Risk factors for Pneumocystis jiroveci pneumonia in glomerulonephritis patients receiving immunosuppressants

Chih Yu Yang, An Hang Yang, Wu Chang Yang, Chih Ching Lin*

*Corresponding author for this work

Research output: Contribution to journalArticlepeer-review

8 Scopus citations


Objective Pneumocystis jiroveci pneumonia (PJP) infection is a rare but lethal complication in immunocompromised hosts. However, risk factors for PJP infection in glomerulonephritis (GN) patients receiving immunosuppressants are unknown. Methods From August 2009 to July 2010, we encountered a cluster occurrence of PJP infection in our renal biopsy patients. Seven of 73 GN patients under immunosuppressant agents developed PJP infection, which were diagnosed by the Giemsa and Gomori's methenamine silver stains of the bronchoalveolar lavage specimen.Results The average time of PJP onset was 2.4 months after immunosuppressant initiation. We found that the immunosuppressant regimens were equal between patients with and without the development of PJP infection regarding the daily dose per body weight, treatment duration, and accumulative dose per body weight. Logistic regression analysis indicated that high serum creatinine, low hemoglobin, and low absolute lymphocyte count at immunosuppressant initiation, and high chronicity indices of kidney pathology were predictors of PJP infection. In addition, patients with PJP infection had persistently worse renal function, more severe anemia, and more severe lymphocytopenia as compared to those without. Conclusion Prophylactic therapy for P. jiroveci and immunosuppressant dose reduction should be considered in GN patients with high chronicity of their kidney diseases and/or persistent lymphocytopenia.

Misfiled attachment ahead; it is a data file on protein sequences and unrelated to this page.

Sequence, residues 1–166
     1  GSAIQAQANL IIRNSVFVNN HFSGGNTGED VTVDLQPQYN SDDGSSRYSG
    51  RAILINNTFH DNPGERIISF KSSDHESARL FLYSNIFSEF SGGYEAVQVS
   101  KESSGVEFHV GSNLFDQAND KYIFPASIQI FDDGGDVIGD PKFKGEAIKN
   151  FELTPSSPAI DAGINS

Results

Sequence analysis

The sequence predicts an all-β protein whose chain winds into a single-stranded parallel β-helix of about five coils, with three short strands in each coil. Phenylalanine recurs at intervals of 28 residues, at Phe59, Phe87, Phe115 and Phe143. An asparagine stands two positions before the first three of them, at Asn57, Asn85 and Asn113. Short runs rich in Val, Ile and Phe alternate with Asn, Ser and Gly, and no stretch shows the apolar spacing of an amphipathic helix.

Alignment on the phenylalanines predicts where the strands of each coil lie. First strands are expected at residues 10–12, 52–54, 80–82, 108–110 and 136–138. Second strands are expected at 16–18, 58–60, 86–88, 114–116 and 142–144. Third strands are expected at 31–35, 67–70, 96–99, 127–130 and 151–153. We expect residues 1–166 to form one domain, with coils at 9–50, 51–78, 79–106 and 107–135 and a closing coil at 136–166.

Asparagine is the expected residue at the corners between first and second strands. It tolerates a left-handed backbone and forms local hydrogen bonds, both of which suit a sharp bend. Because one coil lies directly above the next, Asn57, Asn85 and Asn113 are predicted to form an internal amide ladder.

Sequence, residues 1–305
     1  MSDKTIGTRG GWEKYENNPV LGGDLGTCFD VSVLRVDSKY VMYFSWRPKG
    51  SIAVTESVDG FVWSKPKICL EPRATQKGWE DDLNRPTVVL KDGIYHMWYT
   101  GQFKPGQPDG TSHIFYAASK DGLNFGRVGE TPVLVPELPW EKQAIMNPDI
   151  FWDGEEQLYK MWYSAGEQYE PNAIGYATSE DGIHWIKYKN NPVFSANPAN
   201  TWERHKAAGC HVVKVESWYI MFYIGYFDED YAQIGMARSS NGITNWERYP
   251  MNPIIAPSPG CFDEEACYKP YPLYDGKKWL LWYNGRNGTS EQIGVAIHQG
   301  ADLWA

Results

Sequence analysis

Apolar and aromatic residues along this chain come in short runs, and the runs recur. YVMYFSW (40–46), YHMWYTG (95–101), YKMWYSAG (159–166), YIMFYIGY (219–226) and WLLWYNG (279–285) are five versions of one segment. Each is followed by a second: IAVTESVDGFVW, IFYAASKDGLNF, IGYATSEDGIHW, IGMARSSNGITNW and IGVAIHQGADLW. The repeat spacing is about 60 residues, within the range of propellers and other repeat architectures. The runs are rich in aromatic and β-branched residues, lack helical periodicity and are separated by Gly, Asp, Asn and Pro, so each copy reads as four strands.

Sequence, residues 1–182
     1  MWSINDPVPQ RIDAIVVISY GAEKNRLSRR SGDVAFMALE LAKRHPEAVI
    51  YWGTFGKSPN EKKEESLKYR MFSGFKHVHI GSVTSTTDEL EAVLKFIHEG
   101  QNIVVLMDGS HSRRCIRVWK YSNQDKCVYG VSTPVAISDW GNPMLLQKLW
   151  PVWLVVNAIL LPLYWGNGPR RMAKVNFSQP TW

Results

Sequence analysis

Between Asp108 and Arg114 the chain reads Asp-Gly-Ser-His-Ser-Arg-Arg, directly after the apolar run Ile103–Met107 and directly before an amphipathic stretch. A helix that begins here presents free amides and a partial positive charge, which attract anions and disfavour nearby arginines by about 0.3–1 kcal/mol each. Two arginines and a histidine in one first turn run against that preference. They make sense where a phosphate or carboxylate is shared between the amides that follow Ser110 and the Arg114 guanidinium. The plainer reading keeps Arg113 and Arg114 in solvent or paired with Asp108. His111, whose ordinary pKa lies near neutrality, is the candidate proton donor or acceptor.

Original languageEnglish
Pages (from-to)2869-2875
Number of pages7
JournalInternal Medicine
Issue number20
StatePublished - 2012


  • Chronic kidney disease
  • Glomerulonephritis
  • Immunosuppressants
  • Pneumocystis jiroveci pneumonia


Dive into the research topics of 'Risk factors for Pneumocystis jiroveci pneumonia in glomerulonephritis patients receiving immunosuppressants'. Together they form a unique fingerprint.

Cite this